The history of the headlamp is as old as the history of the car, perhaps older. Headlamps are known to have been used on the first horseless road carriages (powered by steam engines) of early 19th century Europe, much before the word ‘motor car’ became popular in late 19th century.
Over 200 years, supported by innovation and guided by regulation, headlamps have changed—from those fuelled by acetylene or oil to those powered by electric, and from positional light (light in all directions) to directional light (high beam and low beam).
Their design has also changed—rectangular, round, two lamps/four lamps, hidden headlamps, and so on.
First introduced on the American car Cord 810 in 1936, hidden headlamps became popular during late 20th century (1970s and 1980s). These were essentially pop-up headlamps that retracted inside the body when not in use—and helped improve a car’s aerodynamics.
Famous models that incorporated such headlamps were BMW M1, Ferrari 308 GTB, Jaguar XJ220, Lamborghini Diablo, Toyota MR2, Porsche 944, among others.
But what truly made pop-up headlamps popular was the American TV series Knight Rider (1980s), in which the protagonist Michael Knight’s car (a customised Pontiac Firebird Trans Am) embodied these headlamps.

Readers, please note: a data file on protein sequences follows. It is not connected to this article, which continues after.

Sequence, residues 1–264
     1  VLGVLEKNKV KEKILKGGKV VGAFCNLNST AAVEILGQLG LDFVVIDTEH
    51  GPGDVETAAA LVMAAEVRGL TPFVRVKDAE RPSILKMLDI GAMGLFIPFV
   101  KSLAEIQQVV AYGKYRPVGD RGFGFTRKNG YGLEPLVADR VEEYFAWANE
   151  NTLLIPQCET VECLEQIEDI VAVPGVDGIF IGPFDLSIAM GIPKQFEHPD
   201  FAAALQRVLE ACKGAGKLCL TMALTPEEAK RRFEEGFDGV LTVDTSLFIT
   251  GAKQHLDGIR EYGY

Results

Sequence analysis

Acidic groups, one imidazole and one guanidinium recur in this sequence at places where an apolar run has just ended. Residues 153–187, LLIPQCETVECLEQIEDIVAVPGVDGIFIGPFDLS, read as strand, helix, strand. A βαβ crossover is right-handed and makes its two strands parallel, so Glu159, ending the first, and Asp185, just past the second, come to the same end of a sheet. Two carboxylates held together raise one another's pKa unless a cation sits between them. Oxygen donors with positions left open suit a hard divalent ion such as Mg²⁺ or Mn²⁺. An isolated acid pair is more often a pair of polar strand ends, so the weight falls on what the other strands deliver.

By early 2000s, automakers stopped using these (to meet pedestrian safety norms, reduce weight, cost-cutting, etc).
With the development of bright LED headlamps, the retracting ones are now a thing of the past, even though the drive towards ‘hidden headlamps’ continues.
The latest, which this author stumbled upon, is an effort by the Lighting Vision Engineering Design Team at Hyundai Motor, South Korea.
In the new Tucson (not yet on sale in India), the headlamp has been merged with the grille. This headlamp is an extension of the company’s Intelligent Front-lighting System (IFS), which has been used in Genesis models, the luxury vehicle division of Hyundai.
In the Tucson, when switched off, the headlamp unit appears to be chrome (as part of the grille), and illuminates when switched on. The chrome appearance is created by covering the lens with a thin layer of aluminium. These headlamps also double as turn signals and daytime running lights.
This is not the only way headlamps are being rethought. Volkswagen has partnered with Hella to develop the IQ.LIGHT LED headlamps. Audi has Matrix LED headlights, based on DMD (Digital Micromirror Device) technology. Mercedes-Benz has something called the Digital Light.
Nobel laureate Shuji Nakamura believes that laser-based lighting is the future. His company SLD Laser (now acquired by Kyocera) said laser-based light is 10 times brighter than LED, even as they don’t blind oncoming traffic. Going forward, as cars become IoT devices, lights will also turn into a means of communication, interacting with other road users and infrastructure, instead of just illuminating the road ahead.
Get live Stock Prices from BSE, NSE, US Market and latest NAV, portfolio of Mutual Funds, Check out latest IPO News, Best Performing IPOs, calculate your tax by Income Tax Calculator, know market’s Top Gainers, Top Losers & Best Equity Funds. Like us on Facebook and follow us on Twitter.